Yet another Camden venue, Dingwalls at Camden Lock.

Debbie Harry w/Blondie at Dingwalls.

The Tram Shed in Woolwich in South East London.

Did a lot of shows with Splodgenessabounds (below) here in the punk days, all around London especially the Camden circuit as well as Birmingham, Manchester, Liverpool etc. These were the guys who nicknamed me “Dizzy”. All the band had nicknames, Max Splodge, Desert Island Joe, Baby Greensleeves, Policeman Fred and more. Great band and good fun, their main singles were “2 pints of lager and a packet of crisps” and “Two little boys”, pop punk thrash. Used tons of smoke, pyro and lights.

The Ruskin Arms in East London. I did quite a few shows in this pub with my rig, finding power was a problem, I had to use my trusty 500w bulbs here. Maiden used to play here in the early days, you’ll see this pub in the and even did a Maiden Christmas special show there which they did for charity, Naming themselves ‘Charlotte the Harlot’ after one of their early songs. They used to mention the charity show once on Capital Radio and it the place was packed that night. Doug the sound guy and Dave Lights running my desk had to run the desks from behind the bar as that was the only spare place to put them. If you look at the cover artwork for the Killers album, you’ll just make out the word “Ruskin …” right near the bottom of the picture.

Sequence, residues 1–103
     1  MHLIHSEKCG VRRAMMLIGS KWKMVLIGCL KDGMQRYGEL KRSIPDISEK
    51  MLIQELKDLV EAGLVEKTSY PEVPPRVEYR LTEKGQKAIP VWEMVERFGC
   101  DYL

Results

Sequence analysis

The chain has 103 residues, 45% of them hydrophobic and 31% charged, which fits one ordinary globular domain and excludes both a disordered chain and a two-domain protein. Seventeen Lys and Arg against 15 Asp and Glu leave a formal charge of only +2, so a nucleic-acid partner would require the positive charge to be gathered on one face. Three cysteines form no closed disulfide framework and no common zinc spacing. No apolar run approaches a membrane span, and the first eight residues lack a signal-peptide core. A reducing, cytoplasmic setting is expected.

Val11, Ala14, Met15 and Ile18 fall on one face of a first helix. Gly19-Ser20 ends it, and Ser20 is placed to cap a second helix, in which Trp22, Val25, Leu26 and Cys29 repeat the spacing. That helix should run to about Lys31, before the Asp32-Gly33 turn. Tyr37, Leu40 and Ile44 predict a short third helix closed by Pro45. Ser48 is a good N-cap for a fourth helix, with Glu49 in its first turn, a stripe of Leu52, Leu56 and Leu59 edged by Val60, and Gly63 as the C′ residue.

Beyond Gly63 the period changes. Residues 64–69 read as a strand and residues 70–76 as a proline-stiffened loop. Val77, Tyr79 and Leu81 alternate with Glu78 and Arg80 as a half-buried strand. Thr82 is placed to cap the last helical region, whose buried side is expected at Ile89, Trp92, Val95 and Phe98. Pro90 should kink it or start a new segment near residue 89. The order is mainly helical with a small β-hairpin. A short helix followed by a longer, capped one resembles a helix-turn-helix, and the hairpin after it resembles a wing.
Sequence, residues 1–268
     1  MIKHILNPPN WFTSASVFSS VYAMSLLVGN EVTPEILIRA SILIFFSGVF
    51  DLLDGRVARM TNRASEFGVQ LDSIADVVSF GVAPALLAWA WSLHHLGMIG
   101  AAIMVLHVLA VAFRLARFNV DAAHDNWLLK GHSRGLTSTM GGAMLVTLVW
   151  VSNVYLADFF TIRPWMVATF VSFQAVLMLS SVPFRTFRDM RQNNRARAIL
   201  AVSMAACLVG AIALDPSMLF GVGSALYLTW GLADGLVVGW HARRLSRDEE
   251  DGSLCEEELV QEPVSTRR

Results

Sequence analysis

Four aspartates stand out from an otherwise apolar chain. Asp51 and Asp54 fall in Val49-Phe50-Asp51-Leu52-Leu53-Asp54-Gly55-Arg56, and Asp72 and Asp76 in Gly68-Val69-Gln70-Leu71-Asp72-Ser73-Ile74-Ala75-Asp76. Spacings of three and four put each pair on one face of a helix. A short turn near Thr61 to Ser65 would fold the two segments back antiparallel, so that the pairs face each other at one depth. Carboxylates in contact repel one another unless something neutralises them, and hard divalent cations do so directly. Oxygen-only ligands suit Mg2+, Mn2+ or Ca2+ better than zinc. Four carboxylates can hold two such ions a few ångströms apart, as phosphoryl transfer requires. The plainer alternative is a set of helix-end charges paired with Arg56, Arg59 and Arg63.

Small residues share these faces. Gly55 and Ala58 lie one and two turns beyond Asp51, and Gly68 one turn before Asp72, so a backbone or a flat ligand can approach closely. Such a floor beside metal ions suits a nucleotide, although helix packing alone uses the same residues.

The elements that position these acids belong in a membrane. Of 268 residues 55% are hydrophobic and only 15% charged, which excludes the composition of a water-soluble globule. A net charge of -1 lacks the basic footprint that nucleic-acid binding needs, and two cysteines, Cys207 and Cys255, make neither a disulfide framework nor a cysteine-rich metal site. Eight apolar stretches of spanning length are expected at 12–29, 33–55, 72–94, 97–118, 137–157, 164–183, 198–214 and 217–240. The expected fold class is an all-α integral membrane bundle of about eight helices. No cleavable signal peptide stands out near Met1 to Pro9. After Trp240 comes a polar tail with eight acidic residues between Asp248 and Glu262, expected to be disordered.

This is a bootleg from the 1981 gig Maiden did at the Ruskin one of the very first gigs with Bruce as singer. I remember seeing the looks on the faces of the fans seeing him for the first time impressed with his range and power.

The Meteorlites years

Wishbone Ash 1982 “Twin barrels burning” tour England, Europe, India.

Yours truly plugging up the racks in 1984 in Poland on the Powerslave tour with Maiden.

Much much more to come in time………

This was a good tour. everything in one Edwin Shirley 40ft step frame truck. 120 pars (2 x 16 lamp side genies and a back truss on two Superlifts with 8 lamp frames. 1 x 36 way Avolites purple carpet dimmer, 2 x follow spots and me, the only lighting crew and LD. Truck driver and bus driver ran the spots. Great fun, learnt a lot and good people. I miss Trevor Bolder (bass) Ex Spiders from Mars and Uriah Heap) we used to hang out a lot on days off around the world and had many in depth chats about what went on in the Bowie Ziggy years.

Football with Maiden in Poland.

L-R Robbie Price (Guit tech), Me, Steve Gadd (drum tech) and far right Rod Smallwood (Maidens Manager)

Find out more about Dizzy on his site